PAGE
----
From the National President

National President, Ken Maher. Photo by Brett Boardman
National President, Ken Maher. Photo by Brett Boardman.

18 Jul

Action on the state of Australian cities is long overdue. Despite this, there was little visibility of this issue throughout the extended election campaign. Now that the Coalition has been re-elected, the Institute is calling on Prime Minister Malcolm Turnbull and his government to strengthen their focus on raising the productivity and resilience of our cities as outlined in their Smart Cities Plan released earlier this year. This high-level plan is worthy in intent but short on detailed programs. Now is the time to give clear definition to these and the timing of their delivery.

We need long term strategies, policies and processes in place to create a sustainable built environment that can turn our cities into globally competitive, productive, sustainable and socially inclusive places to live and work. The Federal Government can establish incentives, programs, and funding strategies to guide the delivery of planning frameworks and infrastructure through our states, territories and local governments to achieve measurable improvements to our cities.

The Federal Government must also focus on ensuring excellence in urban design, public spaces and architecture, for without this the plans fall short. Strategies and policies will only be effective if they ensure what is delivered in physical form is enduring and of the highest design quality.

As highlighted in the Institute’s election campaign, Designing Australia’s Future, we are calling on the Federal Government to take a greater leadership role in the future of our cities. We will be pushing for the cities and infrastructure portfolios to be merged, and funding and delivery of infrastructure being subject to design and planning

Affordable housing and apartment standards are firmly on our agenda and we have long advocated for the implementation of apartment design guidelines and similar planning legislation in all jurisdictions. In Victoria, the Minister for Planning, the Hon Richard Wynne, will soon be releasing their official standards following a public engagement survey and the implementation of interim planning controls. I recently met with the Minister to express strong support of his proposals.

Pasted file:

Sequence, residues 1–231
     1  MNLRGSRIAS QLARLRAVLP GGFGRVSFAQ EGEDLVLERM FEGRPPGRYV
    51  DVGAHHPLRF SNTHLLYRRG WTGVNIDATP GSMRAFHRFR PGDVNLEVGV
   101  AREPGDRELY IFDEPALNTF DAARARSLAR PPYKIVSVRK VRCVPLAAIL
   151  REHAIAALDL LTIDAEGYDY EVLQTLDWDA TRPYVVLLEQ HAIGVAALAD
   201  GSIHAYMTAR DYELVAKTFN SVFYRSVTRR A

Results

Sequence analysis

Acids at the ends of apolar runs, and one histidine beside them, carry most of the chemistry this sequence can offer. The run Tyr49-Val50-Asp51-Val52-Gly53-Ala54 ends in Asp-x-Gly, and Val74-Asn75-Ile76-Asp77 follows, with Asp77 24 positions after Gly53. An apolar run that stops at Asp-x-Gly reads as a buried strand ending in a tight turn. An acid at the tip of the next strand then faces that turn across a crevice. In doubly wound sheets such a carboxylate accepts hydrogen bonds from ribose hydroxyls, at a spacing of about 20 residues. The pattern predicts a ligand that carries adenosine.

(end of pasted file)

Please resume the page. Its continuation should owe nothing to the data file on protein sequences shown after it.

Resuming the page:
The Institute believes that Victoria should not only have design guidelines but, should also introduce design review panels to consider proposals that don’t adhere to the guidelines including for smaller apartments. Small apartments need high levels of amenity and high-quality design to avoid contributing to sub-standard housing stock. Many recent apartment developments in Melbourne have lacked amenity and design quality. If this is to change there must be more effective controls supporting better design and also ongoing checking to ensure the approved design intent is being maintained through project procurement and construction. There must also be a requirement to use registered architects to design multi-storey apartment buildings, as has been the case in NSW for more than a decade, to ensure quality and provide consumer protection.

Kerry and Lindsay Clare’s 2014 review of the NSW system confirmed that the legislative package has resulted in improved living standards in NSW and it has received broad support from the industry and local authorities.

We look forward to working closely with the OVGA in Victoria, the Department of Planning and key industry and community stakeholders to develop and deliver a sound policy and regulatory framework that provides performance-based design quality guidelines. This current initiative in Victoria, which builds on the successes in NSW, will provide a great benchmark for other states and territories to review their own systems and create new frameworks aimed at encouraging innovative design solutions that lead to improved affordability, housing diversity, and improved living standards for all. As architects who care about the value of design, let’s do all we can to make this happen.